2007-12-19 19:06:38

San Francisco -- Enceladus, the tiny satellite of Saturn, is colder than ice, but data gathered by the Cassini-Huygens Mission to Saturn and Titan has detected a hot spot that could mean there is life in the old moon after all. In fact, for researchers of the outer planets, Enceladus is so intellectually hot, it's smokin'. The heat being generated on the moon's south pole at a hot spot is enough to eject plumes of ice and vapor above Enceladus. These plumes, according to William B....

2007-12-14 18:20:00

Jupiter's moon Europa is just as far away as ever, but new research is bringing scientists closer to being able to explore its tantalizing ice-covered ocean and determine its potential for harboring life. "We've learned a lot about Europa in the past few years," says William B. McKinnon, professor of earth and planetary sciences at Washington University in St. Louis. "Before we were almost sure that there was an ocean, but now the scientific community has come to a consensus that there most...

2007-12-12 15:10:00

Somewhere deep below Saturn's cloud tops, the planet rotates at a constant speed. Determining this interior period of rotation has proven extremely complicated. Now, with new Cassini results, a team of European scientists have taken an important step forward. The results, published in Nature, are based on data from the Radio and Plasma Wave Science instrument on Cassini. When confronted with determining the length of a day on one of the gas giant planets, planetary scientists have a...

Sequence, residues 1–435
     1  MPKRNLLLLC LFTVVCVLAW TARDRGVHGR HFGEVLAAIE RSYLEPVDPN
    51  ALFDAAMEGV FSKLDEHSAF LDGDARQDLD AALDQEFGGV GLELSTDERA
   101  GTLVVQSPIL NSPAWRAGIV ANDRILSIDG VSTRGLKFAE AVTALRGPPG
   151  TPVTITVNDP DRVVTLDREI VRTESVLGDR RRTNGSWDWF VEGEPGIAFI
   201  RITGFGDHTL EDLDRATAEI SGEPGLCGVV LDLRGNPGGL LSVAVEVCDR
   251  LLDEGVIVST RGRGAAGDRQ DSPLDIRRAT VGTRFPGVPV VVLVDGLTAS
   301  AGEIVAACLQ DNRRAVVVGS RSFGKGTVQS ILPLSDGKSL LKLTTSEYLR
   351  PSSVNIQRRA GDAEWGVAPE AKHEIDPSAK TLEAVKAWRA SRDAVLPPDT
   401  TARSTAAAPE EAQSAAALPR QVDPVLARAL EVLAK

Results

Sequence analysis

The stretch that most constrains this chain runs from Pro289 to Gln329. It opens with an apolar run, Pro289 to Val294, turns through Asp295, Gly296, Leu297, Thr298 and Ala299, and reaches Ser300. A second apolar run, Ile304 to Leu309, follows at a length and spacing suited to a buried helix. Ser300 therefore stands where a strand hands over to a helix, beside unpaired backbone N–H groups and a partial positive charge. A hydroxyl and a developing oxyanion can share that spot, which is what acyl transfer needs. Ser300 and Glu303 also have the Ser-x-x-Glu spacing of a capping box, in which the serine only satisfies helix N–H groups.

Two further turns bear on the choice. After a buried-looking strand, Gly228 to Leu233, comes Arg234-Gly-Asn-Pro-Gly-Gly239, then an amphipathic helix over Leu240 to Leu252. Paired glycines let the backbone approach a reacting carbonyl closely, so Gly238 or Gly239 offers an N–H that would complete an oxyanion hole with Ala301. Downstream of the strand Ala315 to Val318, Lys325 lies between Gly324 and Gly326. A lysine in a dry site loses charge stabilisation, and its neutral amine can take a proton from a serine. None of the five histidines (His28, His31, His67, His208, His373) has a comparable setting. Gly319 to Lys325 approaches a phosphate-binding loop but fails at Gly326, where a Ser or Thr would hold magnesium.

Latest Enceladus Reference Libraries

2004-10-19 04:45:41

Saturn's moon Dione -- Dione is a moon of Saturn discovered by Giovanni Cassini in 1684. It is composed primarily of water ice, but as the densest of Saturn's moons (aside from Titan, whose density is increased by gravitational compression) it must have a considerable fraction of denser material like silicate rock in its interior. Though somewhat smaller, Dione is otherwise very similar to Rhea. They both have similar compositions, albedo features and varied terrain. Both have dissimilar...

2004-10-19 04:45:41

Saturn's moon Enceladus -- Enceladus is a moon of Saturn discovered in 1789 by William Herschel. At least five different types of terrain have been identified on Enceladus. In addition to craters there are smooth plains and extensive linear cracks and ridges. At least some of the surface is relatively young, probably less than 100 million years. This means that Enceladus must have been active very recently with some sort of "water volcanism" or other process that renews the surface....

2004-10-19 04:45:41

The Planet Saturn -- in astronomy, 6th planet from the sun. Astronomical and Physical Characteristics of Saturn Saturn's orbit lies between those of Jupiter and Uranus; its mean distance from the sun is c.886 million mi (1.43 billion km), almost twice that of Jupiter, and its period of revolution is about 291/2 years. Saturn appears in the sky as a yellow, starlike object of the first magnitude. When viewed through a telescope, it is seen as a golden sphere, crossed by a series of...

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Word of the Day
  • Genre or still-life pictures, including all subjects of a trivial, coarse, or common kind: so called in contempt.
According to the OED, "the sense ‘a painting’ in English is probably due to the influence of lithograph n., photograph n., etc."